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A solution for both sides – How Manchester United can resolve the Jadon Sancho situation



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It’s time to talk about that thing.

It’s been almost three months since the very public fallout occurred between Jadon Sancho and Erik ten Hag, with little progress being made with the situation since. The player is maintaining his stance, and the manager remains dedicated to his strict disciplinary procedures at Manchester United.

It has been like a hanging cloud of toxicity over what has been a conflicting season at Old Trafford, and it has been reported that should Sir Jim Ratcliffe take over as owner, one of the first items on his agenda is for the situation to be resolved.

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Right now there are no winners in this situation. A footballer is unable to play football, a manager has one less player at his disposal, the club has yet another drama surrounding it, and it is stressful for all parties involved.

Almost all are in agreement that Jadon Sancho is in the wrong for speaking out against his manager publicly and should apologise. From the player’s side, the concern looks to be the demand for any apology to be made public, seeing it as a form of embarrassment, not that the current situation isn’t.

However, whilst Ten Hag is right to be hard on disciplinary issues, the response has become slightly disproportionate. The English forward is not allowed to eat with his teammates, is being made to train alone, and currently has to change alone in a locked room in United’s academy complex at Carrington, for player safeguarding purposes.

He is allowed no interaction with his teammates during training hours, many of whom are close friends of his and people who played a part in his decision to join Manchester United in the first place.

Nobody rationally sees Sancho’s actions as acceptable or correct, and he should apologise and be disciplined appropriately for these. But the current method of discipline is not working, and this situation is helping nobody. Here, we discuss how it could potentially be resolved.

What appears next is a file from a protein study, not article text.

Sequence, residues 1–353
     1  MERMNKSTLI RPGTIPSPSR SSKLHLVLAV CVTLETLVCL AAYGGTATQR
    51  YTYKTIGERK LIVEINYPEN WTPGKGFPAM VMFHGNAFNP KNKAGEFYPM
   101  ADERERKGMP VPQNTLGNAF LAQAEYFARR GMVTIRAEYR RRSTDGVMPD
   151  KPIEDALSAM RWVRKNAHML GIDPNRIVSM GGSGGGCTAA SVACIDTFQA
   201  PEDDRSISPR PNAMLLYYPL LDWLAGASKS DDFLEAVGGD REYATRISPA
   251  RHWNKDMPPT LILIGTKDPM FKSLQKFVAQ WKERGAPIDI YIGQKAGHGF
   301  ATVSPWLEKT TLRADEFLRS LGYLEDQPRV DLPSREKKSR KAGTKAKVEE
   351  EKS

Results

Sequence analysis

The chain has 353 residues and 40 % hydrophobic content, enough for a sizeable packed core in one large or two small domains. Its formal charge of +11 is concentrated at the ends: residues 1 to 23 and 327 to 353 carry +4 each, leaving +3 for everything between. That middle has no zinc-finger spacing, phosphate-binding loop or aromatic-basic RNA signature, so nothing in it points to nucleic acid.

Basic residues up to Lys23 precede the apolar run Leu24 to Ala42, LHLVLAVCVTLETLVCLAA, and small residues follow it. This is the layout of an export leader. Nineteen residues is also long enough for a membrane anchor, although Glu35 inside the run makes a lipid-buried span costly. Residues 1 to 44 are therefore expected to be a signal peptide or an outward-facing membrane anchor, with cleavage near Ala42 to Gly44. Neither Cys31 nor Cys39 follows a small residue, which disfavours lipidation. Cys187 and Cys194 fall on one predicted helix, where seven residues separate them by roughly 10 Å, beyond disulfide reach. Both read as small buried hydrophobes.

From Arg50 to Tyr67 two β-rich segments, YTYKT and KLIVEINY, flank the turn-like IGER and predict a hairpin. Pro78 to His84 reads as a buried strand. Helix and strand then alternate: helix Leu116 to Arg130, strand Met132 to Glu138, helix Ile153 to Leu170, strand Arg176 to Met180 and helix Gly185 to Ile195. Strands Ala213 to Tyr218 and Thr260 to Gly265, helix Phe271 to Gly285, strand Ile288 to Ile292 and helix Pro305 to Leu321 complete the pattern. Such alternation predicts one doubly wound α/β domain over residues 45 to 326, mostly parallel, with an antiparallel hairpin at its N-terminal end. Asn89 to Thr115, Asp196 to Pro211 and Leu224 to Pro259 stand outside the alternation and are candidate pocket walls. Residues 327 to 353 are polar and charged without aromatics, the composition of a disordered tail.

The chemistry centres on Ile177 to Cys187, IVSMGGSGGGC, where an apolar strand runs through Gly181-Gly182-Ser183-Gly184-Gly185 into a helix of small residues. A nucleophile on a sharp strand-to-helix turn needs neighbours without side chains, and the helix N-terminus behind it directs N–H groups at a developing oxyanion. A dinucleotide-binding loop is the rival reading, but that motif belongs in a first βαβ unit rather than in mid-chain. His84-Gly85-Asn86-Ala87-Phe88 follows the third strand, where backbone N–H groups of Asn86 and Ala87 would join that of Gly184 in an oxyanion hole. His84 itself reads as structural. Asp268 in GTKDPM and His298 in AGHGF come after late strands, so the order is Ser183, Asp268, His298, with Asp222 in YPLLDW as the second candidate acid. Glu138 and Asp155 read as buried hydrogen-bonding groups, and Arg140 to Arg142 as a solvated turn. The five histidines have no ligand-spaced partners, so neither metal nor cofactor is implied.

Sancho is a difficult player to move on, the finances that would be involved even in a loan are iffy for any European suitors and as of right now he reportedly has no desire to move to Saudi Arabia, preferring to remain in Europe if he was to move.

Freezing him out to the point of near-exile does not inspire him to come back with an apology, and Sancho is known to be a player who benefits from softer forms of love. This doesn’t mean Ten Hag should pander to him, but it is something that should be considered when trying to extract an apology from him.

United’s best solution, in my opinion, is to begin a process of reintegrating Sancho back into team training. It could start with training alongside the youth teams, working back to training with the main group based on performance, attitude, and behaviour.

To some, this may seem like a reward for poor behaviour. Rather it is the first step in trying to rebuild a relationship. Sometimes when people act out, pushing them further away only makes things worse. Whether he is to stay or not, United are not benefitting from this right now.

If that reintegration goes well, then rebuilding the personal relationship between Sancho and Ten Hag is the next step. Work towards coming to an amicable conclusion, which involves the player apologising for his actions – whether that apology is made public or not. Once an apology is made, they can talk about reintegrating him into match-day squads if improvement is seen in the areas that were initially criticised by Ten Hag after the game against Arsenal.

Even if Sancho is to leave the club in January, or more likely next summer, this issue cannot go on forever. At some point, United have to try to take a different approach to sort it out for the sake of everybody involved. The club still have a duty of care to the player regardless of what the current relationship is, and the situation is not helpful to them either.

Erik ten Hag is having less and less to worry about by the day at Manchester United, with key players returning from injuries and results improving. Resolving this situation would remove one of the season’s biggest burdens from his shoulders.

Sancho’s stance has been confusing to many, but in his absence, he has attended the under-18 games regularly – showing that he does still care about the club. He may have done wrong, but the harsh punishment route has clearly not worked. Now is the time to try a new approach, because the longer this situation goes on the more harmful it gets to all involved.